Worked by May Morris herself with her friend and patron Theodosia Middlemore, this pair of hangings follows an 1891 design created for MayÂ’s father, William Morris.

The design was originally devised for a set of bed curtains to hang in William’s home at Kelmscott Manor – embroidered at Morris & Co under May’s supervision, the original hangings were completed shortly before William Morris’s death in 1896 and remain at Kelmscott Manor today. The pair acquired by National Museums Scotland was unrecorded until its sale at a Christie’s auction in 2013, and is the only other pair known to have been created to the Kelmscott design. May created this second pair for Melsetter, a house owned by the Middlemores on the island of Hoy in Orkney. May Morris visited Melsetter several times, and the pair of hangings she created for the house seem to be an entirely personal project, unrelated to her work as head of the Morris & Co embroidery workshop. There are some clear differences in the needlework between the two examples, suggesting that Theodosia worked parts of the design herself. Unlike the Morris & Co designs, the ground is unbleached, hand-spun and hand-woven in narrow widths, while the wools are naturally dyed. The soft, pastel shades of the Melsetter curtains are a marked contrast with the Kelmscott pair, representing May’s evolving aesthetic. May Morris had a profound influence on the younger generation of Scottish embroiderers, including Jessie Newbery and Ann Macbeth. The hangings will be displayed alongside Melsetter furniture in the National Museum of Scotland’s Design for Living gallery, which will open to the public in 2016.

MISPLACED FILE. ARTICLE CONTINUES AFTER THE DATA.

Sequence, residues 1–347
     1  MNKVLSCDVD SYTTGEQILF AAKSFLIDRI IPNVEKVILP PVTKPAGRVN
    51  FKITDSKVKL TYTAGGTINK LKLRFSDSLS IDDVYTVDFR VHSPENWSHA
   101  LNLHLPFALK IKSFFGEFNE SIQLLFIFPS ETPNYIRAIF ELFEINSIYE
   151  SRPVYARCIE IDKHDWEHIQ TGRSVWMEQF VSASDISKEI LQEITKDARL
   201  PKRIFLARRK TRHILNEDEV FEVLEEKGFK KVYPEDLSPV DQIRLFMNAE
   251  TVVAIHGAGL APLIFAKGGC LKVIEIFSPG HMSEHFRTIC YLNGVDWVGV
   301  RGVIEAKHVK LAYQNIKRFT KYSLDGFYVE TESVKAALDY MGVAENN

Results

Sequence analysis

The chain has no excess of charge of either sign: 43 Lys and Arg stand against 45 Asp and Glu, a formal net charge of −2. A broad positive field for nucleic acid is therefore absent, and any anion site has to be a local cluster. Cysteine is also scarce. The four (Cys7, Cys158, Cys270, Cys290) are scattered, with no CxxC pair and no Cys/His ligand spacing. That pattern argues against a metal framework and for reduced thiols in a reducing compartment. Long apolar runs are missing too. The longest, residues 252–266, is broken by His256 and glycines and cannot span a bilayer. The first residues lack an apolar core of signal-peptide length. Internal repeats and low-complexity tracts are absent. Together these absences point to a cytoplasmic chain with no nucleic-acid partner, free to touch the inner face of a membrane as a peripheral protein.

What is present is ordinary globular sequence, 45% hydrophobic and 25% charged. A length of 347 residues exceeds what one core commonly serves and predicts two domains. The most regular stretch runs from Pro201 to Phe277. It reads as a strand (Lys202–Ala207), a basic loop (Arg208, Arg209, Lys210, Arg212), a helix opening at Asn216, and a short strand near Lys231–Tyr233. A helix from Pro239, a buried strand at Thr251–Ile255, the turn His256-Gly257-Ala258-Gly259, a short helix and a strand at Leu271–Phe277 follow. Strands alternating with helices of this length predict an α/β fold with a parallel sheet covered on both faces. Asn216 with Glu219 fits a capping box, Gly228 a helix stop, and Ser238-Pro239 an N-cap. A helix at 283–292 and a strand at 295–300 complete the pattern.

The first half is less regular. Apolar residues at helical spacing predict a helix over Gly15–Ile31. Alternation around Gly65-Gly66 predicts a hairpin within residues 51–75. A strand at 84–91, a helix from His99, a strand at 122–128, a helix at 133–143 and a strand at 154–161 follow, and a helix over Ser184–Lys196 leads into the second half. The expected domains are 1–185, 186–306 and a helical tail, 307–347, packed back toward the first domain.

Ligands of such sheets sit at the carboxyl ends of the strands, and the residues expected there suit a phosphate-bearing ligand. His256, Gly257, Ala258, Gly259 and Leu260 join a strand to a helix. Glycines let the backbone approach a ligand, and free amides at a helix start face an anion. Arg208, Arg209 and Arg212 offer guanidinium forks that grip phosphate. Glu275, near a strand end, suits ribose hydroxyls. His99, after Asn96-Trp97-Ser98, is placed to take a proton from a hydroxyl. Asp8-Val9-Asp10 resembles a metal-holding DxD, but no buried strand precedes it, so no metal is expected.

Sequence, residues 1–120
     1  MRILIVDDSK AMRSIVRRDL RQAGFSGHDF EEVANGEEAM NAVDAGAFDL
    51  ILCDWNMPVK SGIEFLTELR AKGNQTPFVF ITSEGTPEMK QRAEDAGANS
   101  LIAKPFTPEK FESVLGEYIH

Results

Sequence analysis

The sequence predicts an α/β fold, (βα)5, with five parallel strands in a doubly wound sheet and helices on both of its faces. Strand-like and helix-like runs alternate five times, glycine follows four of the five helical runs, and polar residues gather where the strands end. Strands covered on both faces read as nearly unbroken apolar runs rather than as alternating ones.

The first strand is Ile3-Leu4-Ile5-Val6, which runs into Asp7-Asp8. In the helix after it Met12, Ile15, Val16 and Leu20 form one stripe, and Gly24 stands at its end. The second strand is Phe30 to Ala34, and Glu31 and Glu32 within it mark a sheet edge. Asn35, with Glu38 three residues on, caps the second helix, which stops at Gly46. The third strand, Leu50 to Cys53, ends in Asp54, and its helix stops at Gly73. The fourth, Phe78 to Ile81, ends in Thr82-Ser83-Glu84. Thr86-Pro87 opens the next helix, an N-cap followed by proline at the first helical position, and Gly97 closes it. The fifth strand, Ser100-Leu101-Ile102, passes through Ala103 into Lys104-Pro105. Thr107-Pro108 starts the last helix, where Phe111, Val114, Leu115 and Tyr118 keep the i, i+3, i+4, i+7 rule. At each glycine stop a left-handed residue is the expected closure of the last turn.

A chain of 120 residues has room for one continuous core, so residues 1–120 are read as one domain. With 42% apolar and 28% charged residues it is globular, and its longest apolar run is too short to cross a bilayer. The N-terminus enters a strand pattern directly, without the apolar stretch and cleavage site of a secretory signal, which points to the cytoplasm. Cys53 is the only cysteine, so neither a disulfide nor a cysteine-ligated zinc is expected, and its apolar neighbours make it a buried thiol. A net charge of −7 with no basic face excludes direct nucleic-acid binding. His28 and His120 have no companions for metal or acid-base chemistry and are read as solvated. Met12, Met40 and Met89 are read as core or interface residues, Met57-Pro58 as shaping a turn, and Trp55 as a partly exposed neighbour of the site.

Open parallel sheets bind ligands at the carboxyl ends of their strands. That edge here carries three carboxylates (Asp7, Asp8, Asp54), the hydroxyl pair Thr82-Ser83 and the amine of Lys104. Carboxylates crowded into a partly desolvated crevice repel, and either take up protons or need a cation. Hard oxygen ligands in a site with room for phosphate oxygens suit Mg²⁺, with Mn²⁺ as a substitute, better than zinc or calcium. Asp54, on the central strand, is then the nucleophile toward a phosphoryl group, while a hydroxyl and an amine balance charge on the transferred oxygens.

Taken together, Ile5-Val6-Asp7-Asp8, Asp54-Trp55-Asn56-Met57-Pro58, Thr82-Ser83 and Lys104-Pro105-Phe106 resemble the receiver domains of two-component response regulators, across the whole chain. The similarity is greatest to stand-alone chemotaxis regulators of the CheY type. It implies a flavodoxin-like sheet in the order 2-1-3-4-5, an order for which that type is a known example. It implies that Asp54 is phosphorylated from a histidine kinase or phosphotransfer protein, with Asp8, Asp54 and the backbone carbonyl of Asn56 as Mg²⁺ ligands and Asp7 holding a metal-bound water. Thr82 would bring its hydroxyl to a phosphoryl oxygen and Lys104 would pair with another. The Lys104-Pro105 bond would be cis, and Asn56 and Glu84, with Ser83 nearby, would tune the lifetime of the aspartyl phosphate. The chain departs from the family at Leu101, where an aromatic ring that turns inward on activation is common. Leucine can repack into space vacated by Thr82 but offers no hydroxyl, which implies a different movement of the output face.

Melsetter House, Orkney; whence removed between 1940 and 1944 by the brother of the late Thomas Middlemore; by descent to the heirs of Evangeline Middlemore by whom sold at Christie's, 2013.

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